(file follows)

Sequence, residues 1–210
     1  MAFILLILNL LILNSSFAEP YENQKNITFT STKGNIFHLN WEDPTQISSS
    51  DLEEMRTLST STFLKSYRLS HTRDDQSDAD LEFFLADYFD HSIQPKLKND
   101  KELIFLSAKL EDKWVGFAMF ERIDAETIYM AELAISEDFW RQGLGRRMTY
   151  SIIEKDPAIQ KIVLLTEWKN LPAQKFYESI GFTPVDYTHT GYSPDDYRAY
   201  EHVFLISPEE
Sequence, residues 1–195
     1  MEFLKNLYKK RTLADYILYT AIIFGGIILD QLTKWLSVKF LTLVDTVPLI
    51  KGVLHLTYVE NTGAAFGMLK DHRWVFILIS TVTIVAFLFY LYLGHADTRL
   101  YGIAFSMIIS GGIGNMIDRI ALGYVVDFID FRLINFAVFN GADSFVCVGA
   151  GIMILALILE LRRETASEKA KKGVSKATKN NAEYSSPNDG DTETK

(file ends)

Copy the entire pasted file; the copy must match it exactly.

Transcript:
Sequence, residues 1–210
     1  MAFILLILNL LILNSSFAEP YENQKNITFT STKGNIFHLN WEDPTQISSS
    51  DLEEMRTLST STFLKSYRLS HTRDDQSDAD LEFFLADYFD HSIQPKLKND
   101  KELIFLSAKL EDKWVGFAMF ERIDAETIYM AELAISEDFW RQGLGRRMTY
   151  SIIEKDPAIQ KIVLLTEWKN LPAQKFYESI GFTPVDYTHT GYSPDDYRAY
   201  EHVFLISPEE
Sequence, residues 1–195
     1  MEFLKNLYKK RTLADYILYT AIIFGGIILD QLTKWLSVKF LTLVDTVPLI
    51  KGVLHLTYVE NTGAAFGMLK DHRWVFILIS TVTIVAFLFY LYLGHADTRL
   101  YGIAFSMIIS GGIGNMIDRI ALGYVVDFID FRLINFAVFN GADSFVCVGA
   151  GIMILALILE LRRETASEKA KKGVSKATKN NAEYSSPNDG DTETK